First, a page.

The ECB’s mega-injection of liquidity in the remote-controlled auction to give credits (TLTRO) on June 18, for 1.3 billion euros, It has had immediate effects on the balance sheet of the institution. The money from the deposit facility, the sort of piggy bank of the ECB in which the financial institutions deposit their excess liquidity, shot up from 242,000 million euros before the auction to almost 460,000 million – record of 2020 – on 10 July, after the bank received the money. But in the last 10 business days they have decided to take the money out and put it to work. They have withdrawn 170,000 million: the latest data, as of July 24, reveal that the entities have deposited 289,814 million in the ECB.
This is the first step in rolling that liquidity into the real economy, so that the ECB’s loans to banks are converted into loans for companies and individuals.
The first movement of filling Lagarde’s piggy bank had its logic. “We took that liquidity to -1% and the next day we entered it in the ECB’s deposit facility at -0.5%,” they explain from an entity’s financial department. Spanish banks, and the European bank as a whole, did not hesitate to go to the last mega-auction of the ECB to the best of their ability. In other words, request the maximum liquidity possible according to your loan portfolio –excluding mortgages and loans to the public sector–, since a 1% bonus was guaranteed just for maintaining the financing balance. With the deposit rate at -0.5%, banks that have transferred that money to the ECB’s account have posted a 0.5% return and will now use that liquidity. “The granting of credit is not immediate. Meanwhile, liquidity remains in the deposit facility. For banks, it is like a collection and payment account ”, indicate financial sources.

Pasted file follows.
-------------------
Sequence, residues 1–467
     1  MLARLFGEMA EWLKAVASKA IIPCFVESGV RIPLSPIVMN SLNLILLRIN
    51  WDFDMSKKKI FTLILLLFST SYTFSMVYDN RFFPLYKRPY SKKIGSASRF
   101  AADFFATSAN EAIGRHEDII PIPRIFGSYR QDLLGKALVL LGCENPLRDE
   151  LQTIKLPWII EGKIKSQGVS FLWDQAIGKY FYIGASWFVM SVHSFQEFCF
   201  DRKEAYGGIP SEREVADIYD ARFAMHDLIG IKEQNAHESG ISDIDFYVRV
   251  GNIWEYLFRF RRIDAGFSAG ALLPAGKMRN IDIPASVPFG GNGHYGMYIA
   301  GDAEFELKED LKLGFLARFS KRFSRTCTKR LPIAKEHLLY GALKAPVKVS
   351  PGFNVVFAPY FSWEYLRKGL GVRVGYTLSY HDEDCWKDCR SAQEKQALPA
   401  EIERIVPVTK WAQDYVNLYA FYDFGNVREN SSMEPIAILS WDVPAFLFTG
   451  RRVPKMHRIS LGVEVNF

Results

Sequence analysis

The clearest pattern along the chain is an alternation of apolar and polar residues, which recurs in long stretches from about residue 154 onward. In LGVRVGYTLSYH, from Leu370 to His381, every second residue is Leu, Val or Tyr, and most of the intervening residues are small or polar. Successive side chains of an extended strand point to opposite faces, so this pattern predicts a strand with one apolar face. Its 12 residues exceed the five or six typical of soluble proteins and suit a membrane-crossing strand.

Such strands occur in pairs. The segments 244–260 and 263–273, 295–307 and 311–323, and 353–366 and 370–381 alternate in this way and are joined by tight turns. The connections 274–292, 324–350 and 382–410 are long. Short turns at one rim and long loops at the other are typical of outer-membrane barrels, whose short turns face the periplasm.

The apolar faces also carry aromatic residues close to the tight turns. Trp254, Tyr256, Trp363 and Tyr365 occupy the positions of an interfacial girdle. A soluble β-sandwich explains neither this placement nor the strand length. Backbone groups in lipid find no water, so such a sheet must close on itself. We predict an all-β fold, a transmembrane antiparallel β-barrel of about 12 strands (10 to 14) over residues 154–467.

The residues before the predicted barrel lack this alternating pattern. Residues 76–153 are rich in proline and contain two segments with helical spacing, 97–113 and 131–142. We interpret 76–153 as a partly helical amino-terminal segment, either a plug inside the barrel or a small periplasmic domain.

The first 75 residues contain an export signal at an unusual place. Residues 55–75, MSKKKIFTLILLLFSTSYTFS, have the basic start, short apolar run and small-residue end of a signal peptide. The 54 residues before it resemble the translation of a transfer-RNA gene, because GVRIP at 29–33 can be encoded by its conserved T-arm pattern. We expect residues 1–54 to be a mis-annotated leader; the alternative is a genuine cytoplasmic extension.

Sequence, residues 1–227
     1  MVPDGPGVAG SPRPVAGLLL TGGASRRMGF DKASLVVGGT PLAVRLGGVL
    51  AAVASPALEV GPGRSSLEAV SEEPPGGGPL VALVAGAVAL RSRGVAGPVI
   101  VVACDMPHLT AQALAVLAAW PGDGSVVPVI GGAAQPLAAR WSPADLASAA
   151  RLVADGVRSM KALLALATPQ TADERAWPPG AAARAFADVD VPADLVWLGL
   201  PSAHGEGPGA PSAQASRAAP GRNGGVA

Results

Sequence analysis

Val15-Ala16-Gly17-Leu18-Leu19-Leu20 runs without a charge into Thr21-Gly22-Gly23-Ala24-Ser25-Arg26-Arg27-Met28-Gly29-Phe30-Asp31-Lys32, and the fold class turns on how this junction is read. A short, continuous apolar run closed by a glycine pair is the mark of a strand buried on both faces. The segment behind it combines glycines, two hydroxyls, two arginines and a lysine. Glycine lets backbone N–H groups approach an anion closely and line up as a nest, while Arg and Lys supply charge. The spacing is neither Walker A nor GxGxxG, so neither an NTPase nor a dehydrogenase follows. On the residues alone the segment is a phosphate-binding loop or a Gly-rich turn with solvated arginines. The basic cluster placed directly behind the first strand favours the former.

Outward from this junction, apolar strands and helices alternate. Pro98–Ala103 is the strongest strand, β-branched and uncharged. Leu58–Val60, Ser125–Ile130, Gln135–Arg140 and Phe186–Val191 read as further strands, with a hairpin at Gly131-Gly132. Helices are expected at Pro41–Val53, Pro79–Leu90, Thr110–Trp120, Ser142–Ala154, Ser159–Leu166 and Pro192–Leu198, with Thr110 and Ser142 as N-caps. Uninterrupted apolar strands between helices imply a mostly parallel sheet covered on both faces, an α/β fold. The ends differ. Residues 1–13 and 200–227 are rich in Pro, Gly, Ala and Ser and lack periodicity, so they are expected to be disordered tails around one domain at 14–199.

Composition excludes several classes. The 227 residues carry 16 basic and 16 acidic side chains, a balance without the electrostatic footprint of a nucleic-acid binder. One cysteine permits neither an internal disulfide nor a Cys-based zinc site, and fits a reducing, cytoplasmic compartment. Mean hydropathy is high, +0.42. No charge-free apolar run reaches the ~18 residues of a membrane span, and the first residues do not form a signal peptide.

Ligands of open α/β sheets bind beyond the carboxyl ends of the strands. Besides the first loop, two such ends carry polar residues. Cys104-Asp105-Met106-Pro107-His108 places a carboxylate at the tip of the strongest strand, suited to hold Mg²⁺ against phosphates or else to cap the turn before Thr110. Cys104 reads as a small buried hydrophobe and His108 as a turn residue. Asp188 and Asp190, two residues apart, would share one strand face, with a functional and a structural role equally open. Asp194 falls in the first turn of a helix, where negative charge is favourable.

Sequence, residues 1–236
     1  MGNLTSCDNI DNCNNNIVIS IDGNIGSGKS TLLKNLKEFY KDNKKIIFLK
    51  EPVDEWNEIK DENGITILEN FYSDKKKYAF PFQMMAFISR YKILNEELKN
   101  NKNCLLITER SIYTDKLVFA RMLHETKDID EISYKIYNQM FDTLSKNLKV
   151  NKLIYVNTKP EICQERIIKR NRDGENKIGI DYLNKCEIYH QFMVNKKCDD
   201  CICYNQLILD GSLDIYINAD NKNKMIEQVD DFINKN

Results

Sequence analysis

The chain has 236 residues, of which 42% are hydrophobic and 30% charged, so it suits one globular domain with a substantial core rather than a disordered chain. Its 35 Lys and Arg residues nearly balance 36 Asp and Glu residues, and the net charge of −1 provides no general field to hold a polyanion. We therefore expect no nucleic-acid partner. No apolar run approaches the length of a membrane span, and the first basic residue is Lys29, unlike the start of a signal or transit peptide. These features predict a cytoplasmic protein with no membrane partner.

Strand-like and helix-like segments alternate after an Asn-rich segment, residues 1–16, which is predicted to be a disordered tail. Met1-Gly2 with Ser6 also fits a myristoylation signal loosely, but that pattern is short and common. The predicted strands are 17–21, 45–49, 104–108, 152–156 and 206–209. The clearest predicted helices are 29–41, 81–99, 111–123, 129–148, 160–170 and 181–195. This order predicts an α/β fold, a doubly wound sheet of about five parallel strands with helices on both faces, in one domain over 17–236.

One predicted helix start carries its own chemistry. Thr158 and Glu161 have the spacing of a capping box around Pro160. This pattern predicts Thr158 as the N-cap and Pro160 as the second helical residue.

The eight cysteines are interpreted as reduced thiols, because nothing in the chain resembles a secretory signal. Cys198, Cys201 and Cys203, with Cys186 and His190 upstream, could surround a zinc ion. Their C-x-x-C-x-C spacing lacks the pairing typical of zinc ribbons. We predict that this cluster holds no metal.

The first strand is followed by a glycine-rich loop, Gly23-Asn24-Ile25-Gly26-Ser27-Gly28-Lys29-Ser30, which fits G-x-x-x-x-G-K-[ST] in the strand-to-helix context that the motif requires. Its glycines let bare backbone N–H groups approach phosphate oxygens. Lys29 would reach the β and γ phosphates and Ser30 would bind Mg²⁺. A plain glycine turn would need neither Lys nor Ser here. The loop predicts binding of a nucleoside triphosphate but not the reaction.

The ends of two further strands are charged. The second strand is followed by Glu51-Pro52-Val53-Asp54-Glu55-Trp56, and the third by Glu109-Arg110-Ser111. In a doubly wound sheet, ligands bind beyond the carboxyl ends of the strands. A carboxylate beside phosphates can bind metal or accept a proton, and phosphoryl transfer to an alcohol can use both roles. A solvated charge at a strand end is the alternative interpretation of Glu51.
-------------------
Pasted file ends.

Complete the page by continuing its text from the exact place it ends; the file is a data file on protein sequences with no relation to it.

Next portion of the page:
Work in progress
How does that money eventually become credit? That is the purpose of the ECB, and it is already achieving it. Once the Central Bank financing has been received, banks already have a first reason to grant loans. The liquidity cost, one of the items by which the price of a credit is fixed, is nil. More than null: it is a negative rate of -1%. That yes, to benefit from that type of interest they have to reach the financing objectives. From June 2020 to June 2021, the interest rate of all third generation TLTRO operations will be 50 basis points below the intervention rate, at 0%. And if the entities maintain the credits in net terms, the bonus will be double. The ECB will pay them 1%.
Banks have more margin on the other two big variables that set the price of a loan: credit risk and commercial margin. The severity of the crisis and the foreseeable rebound in defaults, as banks are already preparing with higher provisions for insolvencies, are helping to increase credit risk, a rise that the ECB is closely monitoring. “The credit risk is going to go up a lot,” they warn from one entity. And although the ECB’s measures have contributed to a very notable increase in financing, that increase will lose intensity in the coming months.
The June TLTRO auction would have been the great financing operation in the face of the crisis and demand is hardly expected for the next one, in September. Thus, Spanish banks have requested liquidity to the maximum of their capacity and for the large banks in the euro zone, those considered systemic, the increase in their balance sheet above certain thresholds tightens the demands on anti-crisis debt buffers, which may be an obstacle to asking for even more liquidity.
Purchases. The excess liquidity presented by European banks may well be a retaining wall in the face of a new rise in sovereign risk. In the event that the returns on sovereign debt, especially in the countries most sensitive to the current crisis, such as Italy or Spain, rise again, the banks have purchasing capacity. And they would have an asset at hand with which to scratch a few tenths of profitability.
Sovereign risk. Banks have already raised their debt portfolio in recent months, in part thanks to the ECB’s liquidity. However, the sector does not lose sight of the lesson learned in the past crisis, when the combination of sovereign risk and bank risk was a serious threat to the euro zone.